Pricing is much more complex in international business l.jpg

Changing values of currency production and consumption”

Diversity of markets

Costs of transportation, warehousing

Tariffs, quotas

Government regulations

Distribution methods have to differ from one country to the next

Pricing is much more complex in international business

Distribution systems result in price escalation l.jpg

U.S., Canada, much or Europe have production and consumption”concentrated system

It is impossible to build huge stores in many countries

So many buyers must be reached through long, complex channels –a ‘fragmented’system

They typically buy at small stores within walking or public transit distance from home

Small distributors serve the small stores

Distribution systems result in ‘price escalation’

Price escalation l.jpg
Price escalation production and consumption”

Sell to retailer for $1.50

US production cost = $1

U.S. retailer sells for $2.25

Ship & sell to retailer in Canada

for $1.60

Ship & sell to distributor in Japan

Canada retailer sells for $2.40

Tariff = .05Shipping = .20Your cost=$1.25

Store in Japan has high costs, adds 60%, sells for $4.32

Big distributor buys for $1.875, takes 20% markup, sells for $2.25

Small distributor adds 20%, sells for $2.70

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Government involvement – no consistency production and consumption”

Some laws set minimum prices – to prevent ‘monopoly,’ Japan, Germany protect small stores

Many prohibit selling below ‘cost’

Others set maximum prices

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Benefits of a longer distribution channel production and consumption”

Cuts selling costs when the retail sector is fragmented

Longer channels can provide increased market access

If channel quality is poor, a firm should consider what steps it could take to upgrade the quality of the channel

This may include establishing its own distribution channel

Choosing a Distribution Strategy

Communication strategy promotion l.jpg
Communication Strategy production and consumption”(Promotion)

  • Defines the process the firm will use in communicating the attributes of its product to prospective customers

Cultural barriers

Source effects

Noise levels

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Push strategy emphasizes personal selling production and consumption”

Requires intense use of a sales force

Relatively costly

Pull strategy depends on mass media advertising

Can be cheaper for a large market segment

Determining factors of type of strategy

Product type and consumer sophistication

Channel length

Media availability

Push Versus Pull Strategy

Product type and consumer sophistication l.jpg

Pull strategy production and consumption”

Consumer goods

Large market segment

Long distribution channels

Mass communication has cost advantages

Push strategy

Industrial products or complex new products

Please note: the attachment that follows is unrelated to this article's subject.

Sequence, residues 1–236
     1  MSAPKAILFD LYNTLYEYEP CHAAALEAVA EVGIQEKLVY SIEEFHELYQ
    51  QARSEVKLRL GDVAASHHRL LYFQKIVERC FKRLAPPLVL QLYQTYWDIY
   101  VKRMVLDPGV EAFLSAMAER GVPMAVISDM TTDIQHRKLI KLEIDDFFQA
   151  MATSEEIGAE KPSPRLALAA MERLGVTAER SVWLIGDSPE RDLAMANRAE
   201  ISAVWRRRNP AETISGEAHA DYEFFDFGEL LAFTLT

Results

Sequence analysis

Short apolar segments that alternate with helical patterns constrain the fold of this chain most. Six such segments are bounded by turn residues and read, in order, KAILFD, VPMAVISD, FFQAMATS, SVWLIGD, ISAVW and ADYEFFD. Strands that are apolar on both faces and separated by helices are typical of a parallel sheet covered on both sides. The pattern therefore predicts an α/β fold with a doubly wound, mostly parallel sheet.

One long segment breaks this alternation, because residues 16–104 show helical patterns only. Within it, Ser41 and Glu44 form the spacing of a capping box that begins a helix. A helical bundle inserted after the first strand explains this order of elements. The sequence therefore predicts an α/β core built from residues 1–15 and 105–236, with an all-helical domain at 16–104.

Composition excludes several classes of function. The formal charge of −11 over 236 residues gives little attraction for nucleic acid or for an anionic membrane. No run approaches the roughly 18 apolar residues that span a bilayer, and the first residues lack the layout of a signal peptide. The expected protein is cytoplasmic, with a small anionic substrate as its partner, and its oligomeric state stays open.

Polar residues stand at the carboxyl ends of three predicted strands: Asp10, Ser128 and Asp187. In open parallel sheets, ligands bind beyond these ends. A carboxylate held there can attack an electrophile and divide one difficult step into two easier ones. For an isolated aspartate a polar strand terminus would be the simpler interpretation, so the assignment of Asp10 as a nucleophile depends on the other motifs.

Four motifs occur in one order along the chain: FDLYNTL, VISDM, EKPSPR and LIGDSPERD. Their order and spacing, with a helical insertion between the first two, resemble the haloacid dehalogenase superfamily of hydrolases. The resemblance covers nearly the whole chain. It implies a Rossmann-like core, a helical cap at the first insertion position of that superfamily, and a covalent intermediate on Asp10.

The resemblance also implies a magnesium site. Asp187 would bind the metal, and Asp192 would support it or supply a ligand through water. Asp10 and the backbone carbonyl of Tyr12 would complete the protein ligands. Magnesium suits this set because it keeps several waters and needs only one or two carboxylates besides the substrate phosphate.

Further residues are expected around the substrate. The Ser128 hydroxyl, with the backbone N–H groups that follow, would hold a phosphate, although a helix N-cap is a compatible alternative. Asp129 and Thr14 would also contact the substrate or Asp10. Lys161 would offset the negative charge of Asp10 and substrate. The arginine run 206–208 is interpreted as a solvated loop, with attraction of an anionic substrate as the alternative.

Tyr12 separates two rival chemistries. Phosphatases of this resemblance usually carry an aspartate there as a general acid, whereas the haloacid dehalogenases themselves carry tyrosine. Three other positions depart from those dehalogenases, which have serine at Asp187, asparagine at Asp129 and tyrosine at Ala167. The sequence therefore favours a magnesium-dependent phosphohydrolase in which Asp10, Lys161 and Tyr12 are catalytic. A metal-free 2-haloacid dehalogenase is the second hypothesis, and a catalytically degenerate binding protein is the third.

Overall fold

Direct selling allows firms to educate users

Short distribution channels

Used in poorer nations for consumer goods where direct selling only way to reach consumers

Product Type and Consumer Sophistication

Channel length l.jpg

Pull strategy production and consumption”

Needed for long or exclusive distribution channels

e.g. Japan

Mass advertising to generate demand to pull product through various layers

Push Strategy

In countries with low literacy levels to educate consumers

Channel Length

Media availability l.jpg

Pull strategy production and consumption”

Relies on access to advertising media

Common in developed nations

Push strategy

Media availability limited by law

All electronic media state owned with ‘no commercials’ policy

Media Availability

Pricing strategy l.jpg

Three aspects of international pricing strategy production and consumption”

Price discrimination

Strategic pricing

Regulatory influence on prices

Pricing Strategy

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Multipoint pricing strategy production and consumption”

Two or more international firms compete against each other in two or more national markets

A firm’s pricing strategy in one market may impact a rival in another market

Kodak and Fuji

Strategic Pricing

Strategic pricing38 l.jpg

Experience curve pricing production and consumption”

Firms price low worldwide to build market share

Incurred losses are made up as company moves down experience curve, making substantial profits

Cost advantage over its less-aggressive competitors

Strategic Pricing

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Antidumping regulations production and consumption”

Selling a product for a price that is less than the cost of producing it

Antidumping rules vague, but place a floor

Competition policy

Regulations designed to promote competition and restrict monopoly practices

Regulatory Influences on Prices

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Configuring the Marketing Mix production and consumption”


Differences Here




Gov’t Regs


Product Attributes

Pricing Strategy

Requires Variation Here

Communications Strategy

Distribution Strategy